I must confess at being surprised that HP announced today that it is departing tablet market it recently entered as well as the smartphone business. Additionally, HP is stopping all hardware development around its proprietary WebOS operating system acquired with the PALM acquisition nearly 18 months ago for $1.2 billion.
While you have to applaud HP for quickly recognizing that it couldn’t compete against the Apple iPad and other Android tablet products, how is it a company like HP can realize within weeks of entering the market that there was no market need or demand for its creation? How is it they allowed major retailers like Best Buy to purchase a significant amount of inventory that no one will want?
In desperation, HP dropped the tablet price $100 within a couple of weeks after launch killing its margins in the hope that customers might take a closer look. This is like seeing “price reduced” on a home for sale sign. You know it was either overpriced or there’s something just not quite right about it. For HP, it didn’t work. It’s stunning really. This is a colossal failure of execution.
The Apple iPad has been the dominant market leader since its entrance in the market back in April 2010. [Note: It seems like the Apple iPad has been in the marketplace much longer doesn’t it?] No new market entrant has captured the excitement or even come close to capturing the market share enjoyed by the Apple iPad. And now, we see what a steep mountain Apple has created for its competitors.
I only recall a couple of news highlights around the announcement of the HP tablet:
- It was no where near what an Apple iPad is
- Performance issues undermined the user experience
These bullet points wouldn’t make me take even a first look if I was in the market for a tablet device. If the marketplace instantly recognized these gaps, why didn’t HP? What should have happened to prevent this embarrassing debacle?
HP has to have had a stage gate product development process in place to validate the market need and govern the development of products. As the product continues through the development process, there are gate reviews to see if it still makes sense to move forward with the next phase of the project. If not, you stop and figure out whether you can correct the deficiencies and continue on or stop the project all together. HP had multiple opportunities to do this. Yet, there is evidence that this did not occur.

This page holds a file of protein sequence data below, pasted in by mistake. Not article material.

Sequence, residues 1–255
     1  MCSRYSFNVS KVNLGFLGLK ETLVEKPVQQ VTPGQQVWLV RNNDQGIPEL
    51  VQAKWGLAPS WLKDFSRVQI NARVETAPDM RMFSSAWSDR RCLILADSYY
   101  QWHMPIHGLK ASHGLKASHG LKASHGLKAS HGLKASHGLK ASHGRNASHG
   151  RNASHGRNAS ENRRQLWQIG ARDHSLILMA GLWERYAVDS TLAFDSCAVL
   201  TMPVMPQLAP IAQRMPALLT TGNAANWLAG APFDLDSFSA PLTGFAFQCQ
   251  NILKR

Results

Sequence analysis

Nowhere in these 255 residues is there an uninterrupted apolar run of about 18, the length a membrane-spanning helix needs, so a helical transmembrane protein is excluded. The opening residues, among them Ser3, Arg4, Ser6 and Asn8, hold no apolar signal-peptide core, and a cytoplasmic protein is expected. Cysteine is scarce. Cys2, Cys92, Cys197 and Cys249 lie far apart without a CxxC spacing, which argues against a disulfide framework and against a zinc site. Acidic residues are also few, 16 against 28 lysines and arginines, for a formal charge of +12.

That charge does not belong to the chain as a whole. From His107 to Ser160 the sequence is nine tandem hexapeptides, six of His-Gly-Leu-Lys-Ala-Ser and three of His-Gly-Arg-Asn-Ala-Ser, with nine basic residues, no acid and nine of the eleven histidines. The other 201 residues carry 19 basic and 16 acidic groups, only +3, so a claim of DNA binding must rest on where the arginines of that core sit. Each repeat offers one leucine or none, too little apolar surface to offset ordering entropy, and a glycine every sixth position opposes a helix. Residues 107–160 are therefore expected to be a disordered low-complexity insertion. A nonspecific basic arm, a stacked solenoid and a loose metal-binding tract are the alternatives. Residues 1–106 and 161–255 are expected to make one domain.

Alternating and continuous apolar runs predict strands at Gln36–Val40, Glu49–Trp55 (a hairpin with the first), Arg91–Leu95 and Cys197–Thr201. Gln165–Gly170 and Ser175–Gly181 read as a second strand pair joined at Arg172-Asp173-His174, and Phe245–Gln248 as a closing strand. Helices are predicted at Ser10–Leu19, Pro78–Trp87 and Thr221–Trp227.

There had to have been huge red flags that were known or ignored at different phases during the process. For example, one of the huge user benefits of the Apple iPad is the seamless iTunes eco-system that enables applications and music to be downloaded. HP provided no equivalent functionality for its device.
For this product to have made it the marketplace suggests a lack of discipline in following its stage gate product development process. A group of people were apparently in denial, thought the gaps wouldn’t matter and they should continue on. What poppy cock.
As of this writing, HP is telling its employees and analysts that it still plans further work around WebOS and hopes to license it to other companies. If you were a hardware manufacturer looking for a software platform, would you choose WebOS? Not unless you were on a suicide mission. What would your investors say? If a company with deep pockets like HP can’t make WebOS viable in its products, who else would give it even a passing thought?
Say goodnight to the HP tablet. Say good-bye to WebOS. Say hello to an execution failure that will be fodder for business schools for years to come.
Dave Gardner Gardner & Associates Consulting
© 2011 Dave Gardner